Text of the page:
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Extreme weather conditions across the globe are destroying crops, cattle and land, as nations struggle through things like droughts, floods and other natural phenomena. And while some say that these occurrences are natural, cyclic effects from variations in solar activity, others point to climate change as the culprit.

Russian wheat crop failures, Kansas cattle deaths and flooding in Pakistan are among the many struggles currently being faced by nations around the world, but why are these extreme weather conditions occurring in the first place? This is a question many are asking as they work to cope with the destruction and seek a solution.

Weather extremes have put a heavy strain on food production, which could lead to skyrocketing food prices like the ones seen back in 2007 and 2008 when food was in short supply due to similar events. And according to a recent Reuters article, many are calling for further talks and agreements to be made about climate change legislation as a solution to the problem.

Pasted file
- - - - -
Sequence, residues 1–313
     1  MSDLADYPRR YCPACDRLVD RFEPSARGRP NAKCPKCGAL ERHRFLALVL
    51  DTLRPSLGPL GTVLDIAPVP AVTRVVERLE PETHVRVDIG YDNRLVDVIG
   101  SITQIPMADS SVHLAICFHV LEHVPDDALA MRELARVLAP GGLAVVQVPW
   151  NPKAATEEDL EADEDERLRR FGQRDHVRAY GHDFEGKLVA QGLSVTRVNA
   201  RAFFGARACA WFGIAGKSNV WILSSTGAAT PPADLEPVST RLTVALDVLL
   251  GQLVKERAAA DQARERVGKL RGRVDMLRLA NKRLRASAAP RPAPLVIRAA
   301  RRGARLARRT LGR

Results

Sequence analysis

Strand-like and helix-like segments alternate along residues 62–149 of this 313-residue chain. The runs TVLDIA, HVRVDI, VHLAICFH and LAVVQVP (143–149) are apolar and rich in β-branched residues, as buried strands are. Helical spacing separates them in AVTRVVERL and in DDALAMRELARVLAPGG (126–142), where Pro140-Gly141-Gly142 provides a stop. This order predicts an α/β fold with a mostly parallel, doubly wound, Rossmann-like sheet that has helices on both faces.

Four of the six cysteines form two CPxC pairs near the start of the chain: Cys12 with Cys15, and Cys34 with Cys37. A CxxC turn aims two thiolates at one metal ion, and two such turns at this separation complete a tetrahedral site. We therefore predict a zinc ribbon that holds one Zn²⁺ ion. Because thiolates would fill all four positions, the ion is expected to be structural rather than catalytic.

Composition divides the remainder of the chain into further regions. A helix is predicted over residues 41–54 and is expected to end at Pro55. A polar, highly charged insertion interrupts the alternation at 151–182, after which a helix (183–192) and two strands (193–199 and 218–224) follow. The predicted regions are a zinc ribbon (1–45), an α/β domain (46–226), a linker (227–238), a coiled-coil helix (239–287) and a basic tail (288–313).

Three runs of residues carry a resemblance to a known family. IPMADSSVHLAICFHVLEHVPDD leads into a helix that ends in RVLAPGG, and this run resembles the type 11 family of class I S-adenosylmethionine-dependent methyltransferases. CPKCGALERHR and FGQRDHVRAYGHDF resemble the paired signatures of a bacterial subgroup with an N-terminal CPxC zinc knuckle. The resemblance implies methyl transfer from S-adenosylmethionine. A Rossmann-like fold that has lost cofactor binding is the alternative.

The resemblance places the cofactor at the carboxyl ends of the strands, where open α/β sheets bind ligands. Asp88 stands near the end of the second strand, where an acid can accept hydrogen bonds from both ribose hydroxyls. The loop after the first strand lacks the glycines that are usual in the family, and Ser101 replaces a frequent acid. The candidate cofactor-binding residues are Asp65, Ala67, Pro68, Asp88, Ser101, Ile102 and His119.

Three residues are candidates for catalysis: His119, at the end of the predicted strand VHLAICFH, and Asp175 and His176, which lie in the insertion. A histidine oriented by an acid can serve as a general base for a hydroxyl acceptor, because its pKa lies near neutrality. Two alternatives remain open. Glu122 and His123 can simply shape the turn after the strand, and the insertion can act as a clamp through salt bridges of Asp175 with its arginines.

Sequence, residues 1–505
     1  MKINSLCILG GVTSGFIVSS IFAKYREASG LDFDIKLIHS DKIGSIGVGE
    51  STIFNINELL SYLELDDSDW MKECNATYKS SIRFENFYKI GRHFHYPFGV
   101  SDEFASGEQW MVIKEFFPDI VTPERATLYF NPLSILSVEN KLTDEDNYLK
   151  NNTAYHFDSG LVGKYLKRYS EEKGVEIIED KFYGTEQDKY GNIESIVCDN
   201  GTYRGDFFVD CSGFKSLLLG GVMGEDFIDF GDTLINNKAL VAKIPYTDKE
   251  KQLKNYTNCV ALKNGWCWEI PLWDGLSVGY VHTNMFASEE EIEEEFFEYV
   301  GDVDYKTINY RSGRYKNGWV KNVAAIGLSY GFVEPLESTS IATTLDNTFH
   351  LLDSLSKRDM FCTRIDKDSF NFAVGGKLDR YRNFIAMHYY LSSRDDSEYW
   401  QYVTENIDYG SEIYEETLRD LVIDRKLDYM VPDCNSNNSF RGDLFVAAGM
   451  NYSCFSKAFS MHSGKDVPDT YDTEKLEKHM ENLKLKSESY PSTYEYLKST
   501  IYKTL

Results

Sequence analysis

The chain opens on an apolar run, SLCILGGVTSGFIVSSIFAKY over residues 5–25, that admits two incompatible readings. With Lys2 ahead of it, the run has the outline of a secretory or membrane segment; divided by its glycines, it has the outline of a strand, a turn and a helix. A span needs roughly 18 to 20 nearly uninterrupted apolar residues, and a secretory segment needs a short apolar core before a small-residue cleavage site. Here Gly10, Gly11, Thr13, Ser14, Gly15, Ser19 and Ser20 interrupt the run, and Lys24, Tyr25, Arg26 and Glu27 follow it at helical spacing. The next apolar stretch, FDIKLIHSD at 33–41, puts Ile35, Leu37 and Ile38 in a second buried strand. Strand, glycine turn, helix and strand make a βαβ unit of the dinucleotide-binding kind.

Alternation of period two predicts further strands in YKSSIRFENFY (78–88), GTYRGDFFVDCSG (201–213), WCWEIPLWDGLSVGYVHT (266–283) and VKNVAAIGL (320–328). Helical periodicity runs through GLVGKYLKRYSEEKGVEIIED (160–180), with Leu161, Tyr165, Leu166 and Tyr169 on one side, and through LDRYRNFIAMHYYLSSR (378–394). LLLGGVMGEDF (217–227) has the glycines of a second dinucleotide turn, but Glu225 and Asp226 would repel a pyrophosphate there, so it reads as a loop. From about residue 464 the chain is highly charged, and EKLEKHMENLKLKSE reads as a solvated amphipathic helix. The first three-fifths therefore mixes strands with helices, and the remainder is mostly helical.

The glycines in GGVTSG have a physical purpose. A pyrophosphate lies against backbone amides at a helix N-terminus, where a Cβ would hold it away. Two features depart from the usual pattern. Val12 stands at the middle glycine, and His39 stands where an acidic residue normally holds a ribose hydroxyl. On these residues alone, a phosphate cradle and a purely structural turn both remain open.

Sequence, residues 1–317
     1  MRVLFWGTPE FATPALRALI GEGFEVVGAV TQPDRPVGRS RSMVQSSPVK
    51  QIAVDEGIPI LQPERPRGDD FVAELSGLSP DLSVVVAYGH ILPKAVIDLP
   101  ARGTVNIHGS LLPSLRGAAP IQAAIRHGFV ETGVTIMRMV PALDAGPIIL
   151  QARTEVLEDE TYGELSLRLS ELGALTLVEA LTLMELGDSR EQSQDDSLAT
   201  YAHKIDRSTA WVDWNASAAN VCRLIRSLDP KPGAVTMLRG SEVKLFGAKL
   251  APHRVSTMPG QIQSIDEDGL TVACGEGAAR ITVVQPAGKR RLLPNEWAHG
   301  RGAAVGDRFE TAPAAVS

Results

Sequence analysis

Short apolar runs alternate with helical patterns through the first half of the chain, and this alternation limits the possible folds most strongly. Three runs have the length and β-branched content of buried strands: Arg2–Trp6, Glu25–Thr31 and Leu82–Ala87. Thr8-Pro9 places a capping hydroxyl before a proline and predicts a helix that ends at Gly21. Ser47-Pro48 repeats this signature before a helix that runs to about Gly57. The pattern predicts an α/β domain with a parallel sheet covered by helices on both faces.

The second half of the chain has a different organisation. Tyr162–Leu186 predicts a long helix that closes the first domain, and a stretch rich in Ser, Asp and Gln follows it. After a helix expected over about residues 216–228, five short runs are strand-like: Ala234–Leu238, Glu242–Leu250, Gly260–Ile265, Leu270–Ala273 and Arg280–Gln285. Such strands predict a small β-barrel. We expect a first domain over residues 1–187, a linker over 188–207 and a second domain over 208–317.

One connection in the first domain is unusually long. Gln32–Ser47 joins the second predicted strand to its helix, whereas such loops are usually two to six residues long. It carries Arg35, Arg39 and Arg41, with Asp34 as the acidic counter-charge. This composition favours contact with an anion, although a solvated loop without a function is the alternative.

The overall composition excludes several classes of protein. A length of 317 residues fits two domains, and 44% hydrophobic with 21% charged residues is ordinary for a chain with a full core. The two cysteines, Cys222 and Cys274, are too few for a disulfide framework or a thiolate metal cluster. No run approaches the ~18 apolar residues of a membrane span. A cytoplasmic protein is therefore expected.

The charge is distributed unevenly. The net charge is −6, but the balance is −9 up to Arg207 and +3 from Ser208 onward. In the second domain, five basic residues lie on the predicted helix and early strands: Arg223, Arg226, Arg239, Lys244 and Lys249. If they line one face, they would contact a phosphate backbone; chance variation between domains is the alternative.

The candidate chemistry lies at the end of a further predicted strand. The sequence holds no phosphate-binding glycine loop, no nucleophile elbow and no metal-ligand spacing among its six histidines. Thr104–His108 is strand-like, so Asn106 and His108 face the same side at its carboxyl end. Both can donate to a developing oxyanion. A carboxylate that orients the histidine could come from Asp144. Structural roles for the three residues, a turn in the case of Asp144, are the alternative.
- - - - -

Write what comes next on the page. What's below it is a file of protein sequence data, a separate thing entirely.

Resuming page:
According to Neville Nicholls, a climate scientist at Monash University in Melbourne, Australia, carbon dioxide (CO2) emissions from vehicles and human industrial activity is leading to "more and more hot extremes and worse unprecedented extremes." He and others believe global talks must continue to address practical ways to deal with CO2 emissions, and that the time is now to push for climate legislation.

Still others, though, point to the sun's normal cyclic rise and fall in activity as the instigator of alleged global warming, and say that climate legislation will only serve to further erode personal freedom and national sovereignty.

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